I've always considered myself a person without regret. I think many of us want to be that person -- the present-tense living, not looking back, swimming to a shore of possibilities instead of nearly drowning in the deep end of "what ifs". I'm not that person. Or maybe I am. Sometimes. I'm a contemplative person. I like the notion of "what if", though sometimes I can let myself replay it over and over, not quite like a broken record, but nearly undesirable wallpaper I surround myself with, in constant debate if I actually like the patterns or not.
I was thinking tonight about regrets. I've said I never had them. I said that everything happens for a reason. I said that everything led me to now, and I appreciate and love now... except... I tasted some of that regret tonight in a meditation. Huh... so that's what's been lingering in the back of my throat all these years?
It may or may not be a regret... maybe just a wonder. That "what if" dance where it borders between reality and imagination. My regret? Not painting. Or writing. Or both.
As a kid I loved being creative. I can recall having this one Muppet Babies coloring book that I colored in with such meticulous care, the level of concentration was astounding. The smell of Crayola wax being traced darkly and deliberately over Kermit the Frog while the rest began to smear in sheer delight. My favorite color then was red... red crayons were the only things I needed. I would sneak behind the sofa and draw in red crayons on the wall... underneath our coffee table I had drawn our entire family (and pets) with that red crayon. Never to be noticed by my mother who simply thought I was an odd child who liked to lay under the coffee table, until one stormy day when there was no school and an impromptu puppet show my stepfather put on revealed what I had been doing under the table... ah... crayons...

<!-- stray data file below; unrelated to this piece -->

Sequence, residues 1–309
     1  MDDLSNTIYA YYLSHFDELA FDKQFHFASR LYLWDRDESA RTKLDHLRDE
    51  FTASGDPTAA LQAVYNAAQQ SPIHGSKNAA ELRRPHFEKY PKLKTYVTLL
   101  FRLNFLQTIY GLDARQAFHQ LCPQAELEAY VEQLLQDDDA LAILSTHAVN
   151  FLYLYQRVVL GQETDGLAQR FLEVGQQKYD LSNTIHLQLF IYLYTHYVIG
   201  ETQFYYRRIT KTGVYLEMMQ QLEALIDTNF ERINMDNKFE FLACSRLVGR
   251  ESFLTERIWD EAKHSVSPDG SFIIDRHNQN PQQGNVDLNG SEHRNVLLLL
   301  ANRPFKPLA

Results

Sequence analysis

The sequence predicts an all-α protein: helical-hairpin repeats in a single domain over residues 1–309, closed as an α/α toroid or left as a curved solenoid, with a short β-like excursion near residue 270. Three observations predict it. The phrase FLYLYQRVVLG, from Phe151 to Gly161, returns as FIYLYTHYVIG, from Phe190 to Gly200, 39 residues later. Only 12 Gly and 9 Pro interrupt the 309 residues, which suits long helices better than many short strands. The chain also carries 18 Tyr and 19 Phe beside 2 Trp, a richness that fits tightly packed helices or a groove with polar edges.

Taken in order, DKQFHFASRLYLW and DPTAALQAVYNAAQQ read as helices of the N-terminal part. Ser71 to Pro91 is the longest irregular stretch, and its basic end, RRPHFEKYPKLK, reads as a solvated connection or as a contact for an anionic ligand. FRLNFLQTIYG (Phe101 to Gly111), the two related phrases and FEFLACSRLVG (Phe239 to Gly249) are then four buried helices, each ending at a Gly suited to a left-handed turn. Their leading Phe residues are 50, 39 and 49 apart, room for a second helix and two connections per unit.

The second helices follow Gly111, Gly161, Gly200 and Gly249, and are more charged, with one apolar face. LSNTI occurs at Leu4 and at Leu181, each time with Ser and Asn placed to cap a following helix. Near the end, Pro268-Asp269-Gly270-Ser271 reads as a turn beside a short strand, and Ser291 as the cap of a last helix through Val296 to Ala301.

I put the crayons aside for a while to write. At first really badly written, rhyming poetry (the incredible dreadful kind that honestly took me forever to write); then journaling began, and from there the stories emerged. Writing became my lifeline. It was as easy and as necessary as breath.
Then... well, I gave it up. I don't know if it was "just like that", or if I began to feel disconnected or even disillusioned by life's circumstances that I shut down the inner artist and let her lay dormant for several years.
As trauma began to creep up, my inner artist began to wake. I ignored her, because she seemed a stranger to me, and I didn't feel like opening myself up or revealing anything... I didn't want to tap into the presumed demons or touch upon the dismembered parts. When trauma nips at you, it may appear that parts of you shut down, yet I can see now that instead what happens is other parts of you start to awaken (or reemerge from their banished slumber).
I returned to art. It beckoned me. It saved me. Paint to canvas was like filling my lungs with precious oxygen that it had been deprived of. The breathing was still strained at that time, don't get me wrong, but blood began to pump in a warming way. The feel of brushes, the primal act of throwing them on the table to dip your fingers into the vibrant colors to kiss the canvas with. I didn't have as much reservation of the "artist block" then as I seem to now. I needed it. It was my drug of choice, and I almost couldn't bear the thought of life without it.
I spent the next four years of high school living in the art department. I took my minimum requirements in everything else and managed to fill my days with art, pottery, photography and time in the studio for whatever my inner artist desired.
When it would appear that my legs were sturdy again, and that the ground might not swallow me whole, I began to unknowingly invite critics to the table. Oh the critics... you have the ones that say everything you do is marvelous. Fantastic. Brilliant. Then you have the ones who say they don't get it, but it seems pretty awesome. Then you have the ones who still don't get it, but also don't like it. And then you have the ones with the critical eye that transforms itself into a flaming iris, burning away all potentiality that it sees and melting away the imagery that was painstakingly and lovingly formed.